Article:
Yet scientists have ways to extract key information out of such mess. The whole "mesh of bees", pushing and pulling all around the wing, can be summarized (averaged) to two things: one aerodynamic forceand one aerodynamic torque. The force is what tends to push the wing upwards. The torque is what tends to make it turn around its main axis. (Remember that experiment above, when the wing fell sideways to the ground while turning at a fast rate around its main axis. The torque is responsible for the rotation.) When you hold a piece of cardboard in your hand and shear it through the air around you, you will easily feel the lift force but not the rotation torque, because that torque is quite weak. Anyway it is key for us.







The aerodynamic force "seemingly grasps" the wing at about 1/3 from the leading edge. So, our first reaction would be to put the coin at 1/3 from the leading edge, expecting that now the force caused by the weight of the coin will be aligned with the aerodynamic force:







Nice try. But there are two bold errors. The first one is that you forgot to take into account the mass of the wing. The wing and the coin are a whole. If you want the center of mass of that whole to be 1/3 from the leading edge, you have to place the coin further away than 1/3 length.







The other bold error is that the two forces (lift and weight) are not aligned. So they cannot compensate each other exactly. The force caused by the weight will always be directed vertically towards the ground. We can only change the aerodynamic force, by rotating the whole system counterclockwise. Now the wing flies slightly towards the ground. That's what happens in the real world: in still air, gliders slowly fly towards the ground.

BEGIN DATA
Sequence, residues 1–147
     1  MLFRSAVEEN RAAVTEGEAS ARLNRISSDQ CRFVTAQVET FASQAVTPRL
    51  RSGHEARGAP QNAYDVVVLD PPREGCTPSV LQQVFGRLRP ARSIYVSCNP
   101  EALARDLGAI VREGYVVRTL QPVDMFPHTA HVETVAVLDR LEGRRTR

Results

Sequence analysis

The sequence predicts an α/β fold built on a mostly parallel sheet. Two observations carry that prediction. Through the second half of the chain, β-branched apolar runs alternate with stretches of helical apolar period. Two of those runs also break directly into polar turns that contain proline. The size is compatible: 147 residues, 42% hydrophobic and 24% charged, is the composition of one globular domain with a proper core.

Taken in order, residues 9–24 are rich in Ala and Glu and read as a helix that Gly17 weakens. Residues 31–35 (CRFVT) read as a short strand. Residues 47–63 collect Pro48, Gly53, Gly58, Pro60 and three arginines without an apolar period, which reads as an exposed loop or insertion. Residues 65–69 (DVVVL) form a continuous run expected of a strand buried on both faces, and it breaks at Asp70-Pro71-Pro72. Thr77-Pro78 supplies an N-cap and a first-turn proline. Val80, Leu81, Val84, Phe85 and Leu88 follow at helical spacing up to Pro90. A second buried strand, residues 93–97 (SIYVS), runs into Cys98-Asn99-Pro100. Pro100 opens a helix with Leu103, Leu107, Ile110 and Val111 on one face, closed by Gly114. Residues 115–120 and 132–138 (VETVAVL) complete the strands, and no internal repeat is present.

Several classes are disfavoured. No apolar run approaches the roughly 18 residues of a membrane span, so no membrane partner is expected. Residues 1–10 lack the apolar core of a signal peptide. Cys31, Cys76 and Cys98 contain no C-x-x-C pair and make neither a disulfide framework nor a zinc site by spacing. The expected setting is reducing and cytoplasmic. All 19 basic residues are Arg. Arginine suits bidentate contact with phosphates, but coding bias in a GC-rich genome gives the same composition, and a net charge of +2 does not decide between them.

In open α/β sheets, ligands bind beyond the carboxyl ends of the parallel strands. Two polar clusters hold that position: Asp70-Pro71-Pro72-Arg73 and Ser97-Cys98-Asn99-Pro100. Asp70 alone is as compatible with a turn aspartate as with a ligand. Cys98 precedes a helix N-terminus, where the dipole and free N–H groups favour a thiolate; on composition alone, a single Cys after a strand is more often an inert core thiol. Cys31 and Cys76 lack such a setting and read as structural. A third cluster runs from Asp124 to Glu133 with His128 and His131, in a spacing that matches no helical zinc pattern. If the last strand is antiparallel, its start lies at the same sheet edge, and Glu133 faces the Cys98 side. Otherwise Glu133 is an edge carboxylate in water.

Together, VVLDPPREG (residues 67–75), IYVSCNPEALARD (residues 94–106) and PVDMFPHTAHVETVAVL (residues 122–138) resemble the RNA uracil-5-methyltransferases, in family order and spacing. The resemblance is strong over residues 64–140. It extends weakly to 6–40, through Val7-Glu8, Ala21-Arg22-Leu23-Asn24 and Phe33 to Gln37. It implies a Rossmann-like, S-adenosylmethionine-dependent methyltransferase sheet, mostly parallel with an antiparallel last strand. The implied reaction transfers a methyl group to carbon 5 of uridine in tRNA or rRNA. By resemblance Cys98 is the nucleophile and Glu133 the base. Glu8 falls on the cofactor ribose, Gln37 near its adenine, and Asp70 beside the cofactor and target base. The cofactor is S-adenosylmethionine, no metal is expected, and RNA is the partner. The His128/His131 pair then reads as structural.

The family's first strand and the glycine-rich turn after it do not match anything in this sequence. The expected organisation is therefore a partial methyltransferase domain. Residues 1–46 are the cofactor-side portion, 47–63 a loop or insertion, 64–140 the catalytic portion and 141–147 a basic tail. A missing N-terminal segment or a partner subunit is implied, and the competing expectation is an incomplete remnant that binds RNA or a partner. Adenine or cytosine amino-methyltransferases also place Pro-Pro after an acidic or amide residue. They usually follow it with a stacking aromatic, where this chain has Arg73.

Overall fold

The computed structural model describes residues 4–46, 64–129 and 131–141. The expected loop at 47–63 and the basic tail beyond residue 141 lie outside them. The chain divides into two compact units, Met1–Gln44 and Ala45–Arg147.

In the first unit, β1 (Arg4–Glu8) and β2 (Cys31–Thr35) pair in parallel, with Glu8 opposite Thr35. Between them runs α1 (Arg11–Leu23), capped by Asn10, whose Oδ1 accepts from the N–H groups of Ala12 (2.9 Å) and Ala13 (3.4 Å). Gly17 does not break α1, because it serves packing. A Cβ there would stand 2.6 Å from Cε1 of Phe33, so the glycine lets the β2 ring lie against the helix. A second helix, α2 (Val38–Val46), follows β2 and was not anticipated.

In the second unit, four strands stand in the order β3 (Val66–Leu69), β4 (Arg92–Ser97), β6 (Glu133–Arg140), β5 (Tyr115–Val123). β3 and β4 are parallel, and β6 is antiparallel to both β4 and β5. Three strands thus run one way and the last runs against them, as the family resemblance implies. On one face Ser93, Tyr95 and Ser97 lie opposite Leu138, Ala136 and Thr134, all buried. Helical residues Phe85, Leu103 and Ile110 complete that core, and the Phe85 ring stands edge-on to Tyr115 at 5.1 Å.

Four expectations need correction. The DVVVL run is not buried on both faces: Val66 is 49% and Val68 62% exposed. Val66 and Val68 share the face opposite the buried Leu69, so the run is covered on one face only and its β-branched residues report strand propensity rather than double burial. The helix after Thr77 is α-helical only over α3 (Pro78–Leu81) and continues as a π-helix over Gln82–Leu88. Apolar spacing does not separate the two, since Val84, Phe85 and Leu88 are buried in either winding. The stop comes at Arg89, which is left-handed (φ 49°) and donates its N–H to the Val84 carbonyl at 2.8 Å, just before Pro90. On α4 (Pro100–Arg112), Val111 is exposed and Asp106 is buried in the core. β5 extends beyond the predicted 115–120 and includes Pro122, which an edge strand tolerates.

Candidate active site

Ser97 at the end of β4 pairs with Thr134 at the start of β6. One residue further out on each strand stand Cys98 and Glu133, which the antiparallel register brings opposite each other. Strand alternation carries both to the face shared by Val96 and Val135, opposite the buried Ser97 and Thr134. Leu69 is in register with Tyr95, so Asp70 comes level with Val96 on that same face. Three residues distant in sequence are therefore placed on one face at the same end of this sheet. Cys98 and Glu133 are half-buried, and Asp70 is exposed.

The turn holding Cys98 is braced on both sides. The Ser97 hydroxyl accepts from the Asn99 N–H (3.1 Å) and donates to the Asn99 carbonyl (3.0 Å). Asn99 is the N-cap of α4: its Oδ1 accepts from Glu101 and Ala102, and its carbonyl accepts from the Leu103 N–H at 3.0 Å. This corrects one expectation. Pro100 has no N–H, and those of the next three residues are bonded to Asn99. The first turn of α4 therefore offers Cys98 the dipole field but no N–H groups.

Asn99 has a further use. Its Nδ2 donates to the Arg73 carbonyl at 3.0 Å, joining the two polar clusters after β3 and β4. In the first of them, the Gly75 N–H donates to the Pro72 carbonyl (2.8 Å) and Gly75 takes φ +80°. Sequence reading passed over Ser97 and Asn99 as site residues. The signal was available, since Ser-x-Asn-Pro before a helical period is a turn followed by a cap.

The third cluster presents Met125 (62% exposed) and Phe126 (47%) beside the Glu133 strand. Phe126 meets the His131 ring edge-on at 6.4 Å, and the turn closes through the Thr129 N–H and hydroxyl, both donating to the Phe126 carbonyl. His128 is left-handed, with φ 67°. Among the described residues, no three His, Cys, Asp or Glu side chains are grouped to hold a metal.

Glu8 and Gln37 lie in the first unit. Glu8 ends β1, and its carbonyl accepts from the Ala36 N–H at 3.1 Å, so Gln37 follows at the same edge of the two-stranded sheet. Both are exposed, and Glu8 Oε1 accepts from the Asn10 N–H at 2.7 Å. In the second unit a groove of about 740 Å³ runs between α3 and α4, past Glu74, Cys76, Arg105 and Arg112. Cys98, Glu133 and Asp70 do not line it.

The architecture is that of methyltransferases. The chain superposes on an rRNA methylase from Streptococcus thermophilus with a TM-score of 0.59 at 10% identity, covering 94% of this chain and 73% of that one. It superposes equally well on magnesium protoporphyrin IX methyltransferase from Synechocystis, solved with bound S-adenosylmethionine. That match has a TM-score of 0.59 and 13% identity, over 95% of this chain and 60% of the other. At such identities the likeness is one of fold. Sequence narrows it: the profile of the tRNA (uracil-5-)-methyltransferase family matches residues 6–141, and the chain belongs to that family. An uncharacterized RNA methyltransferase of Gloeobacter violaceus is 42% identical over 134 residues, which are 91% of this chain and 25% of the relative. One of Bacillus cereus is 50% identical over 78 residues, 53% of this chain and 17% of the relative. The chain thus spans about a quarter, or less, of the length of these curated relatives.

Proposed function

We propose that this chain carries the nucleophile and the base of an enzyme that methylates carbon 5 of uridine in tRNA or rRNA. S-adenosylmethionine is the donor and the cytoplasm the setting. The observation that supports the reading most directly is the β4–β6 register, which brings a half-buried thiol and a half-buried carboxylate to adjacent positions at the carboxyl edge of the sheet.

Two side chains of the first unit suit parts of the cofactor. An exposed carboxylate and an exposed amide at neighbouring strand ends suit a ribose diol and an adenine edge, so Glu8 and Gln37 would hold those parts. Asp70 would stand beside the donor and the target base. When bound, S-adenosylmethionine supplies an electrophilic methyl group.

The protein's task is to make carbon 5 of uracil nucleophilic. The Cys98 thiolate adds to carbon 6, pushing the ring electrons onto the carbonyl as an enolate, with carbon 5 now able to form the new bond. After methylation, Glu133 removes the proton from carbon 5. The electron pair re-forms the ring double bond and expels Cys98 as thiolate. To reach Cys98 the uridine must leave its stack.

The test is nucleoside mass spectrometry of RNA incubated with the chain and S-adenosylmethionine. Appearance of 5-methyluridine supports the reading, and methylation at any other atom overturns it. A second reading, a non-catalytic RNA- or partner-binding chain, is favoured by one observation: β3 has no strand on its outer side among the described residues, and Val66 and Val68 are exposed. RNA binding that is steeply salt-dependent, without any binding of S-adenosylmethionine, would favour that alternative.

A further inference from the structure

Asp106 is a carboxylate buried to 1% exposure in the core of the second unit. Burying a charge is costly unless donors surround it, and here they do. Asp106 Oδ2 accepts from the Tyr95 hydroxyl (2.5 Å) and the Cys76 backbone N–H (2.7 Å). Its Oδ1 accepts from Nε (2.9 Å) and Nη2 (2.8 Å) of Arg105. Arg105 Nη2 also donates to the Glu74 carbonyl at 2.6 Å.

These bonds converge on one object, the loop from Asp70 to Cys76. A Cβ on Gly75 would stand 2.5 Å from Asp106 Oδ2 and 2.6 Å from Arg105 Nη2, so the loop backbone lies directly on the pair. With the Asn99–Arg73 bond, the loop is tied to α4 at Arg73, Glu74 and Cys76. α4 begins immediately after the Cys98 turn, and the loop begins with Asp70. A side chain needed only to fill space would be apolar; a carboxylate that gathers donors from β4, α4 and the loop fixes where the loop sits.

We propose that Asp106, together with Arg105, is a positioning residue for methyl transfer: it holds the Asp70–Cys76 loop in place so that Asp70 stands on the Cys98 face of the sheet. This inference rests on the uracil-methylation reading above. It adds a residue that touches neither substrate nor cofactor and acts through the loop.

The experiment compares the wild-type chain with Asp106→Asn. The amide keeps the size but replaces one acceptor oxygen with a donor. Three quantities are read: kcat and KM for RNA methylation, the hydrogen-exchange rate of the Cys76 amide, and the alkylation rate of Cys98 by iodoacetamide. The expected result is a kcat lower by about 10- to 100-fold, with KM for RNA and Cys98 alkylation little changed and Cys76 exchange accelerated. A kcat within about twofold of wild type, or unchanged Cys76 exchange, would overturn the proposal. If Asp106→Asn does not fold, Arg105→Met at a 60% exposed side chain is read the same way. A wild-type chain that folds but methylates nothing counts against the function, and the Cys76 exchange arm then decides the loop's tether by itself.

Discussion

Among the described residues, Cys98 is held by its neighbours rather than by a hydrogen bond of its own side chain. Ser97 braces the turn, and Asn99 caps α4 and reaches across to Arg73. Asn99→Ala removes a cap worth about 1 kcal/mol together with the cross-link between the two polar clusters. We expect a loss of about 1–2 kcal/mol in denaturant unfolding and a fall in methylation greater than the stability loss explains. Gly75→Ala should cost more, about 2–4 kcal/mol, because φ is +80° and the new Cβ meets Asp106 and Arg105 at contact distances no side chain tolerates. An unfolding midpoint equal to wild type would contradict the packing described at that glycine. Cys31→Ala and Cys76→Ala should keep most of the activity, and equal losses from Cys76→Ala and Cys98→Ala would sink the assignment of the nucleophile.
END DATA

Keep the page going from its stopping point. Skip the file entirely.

Nice work. But the postcard and the coin still won't fly correctly. That's because we forgot the aerodynamic torque. It's still there and it tends to make the thing flip upwards.







What can we do to counteract that torque? The most obvious proposal would be to add a tail to the postcard. It would be a little horizontal wing yet slightly turned so that it creates and aerodynamic force towards the sky, that counterbalances the torque from the main wing.







You indeed can compensate the torque that way... But if you try this out, by gluing a toothpick behind the postcard and a little square of paper at the end of the toothpick, you will neverget a proper flight. Sure you did counterbalance the torque... but you created a highly unstable system. In other words: that thing can fly if you add a computer to it, with captors and actuators, and the computer constantly adapts the angle of the tail in order to keep flying straight. It's like the broom you hold vertically on your finger. You can hold it vertically quite a long time... with great efforts. (The Wright Brother's Flyer from 1903 was unstable too and the pilot constantly had to correct it's attitude. That's why flying a replica of the Flyer requires autorisations and a special training.)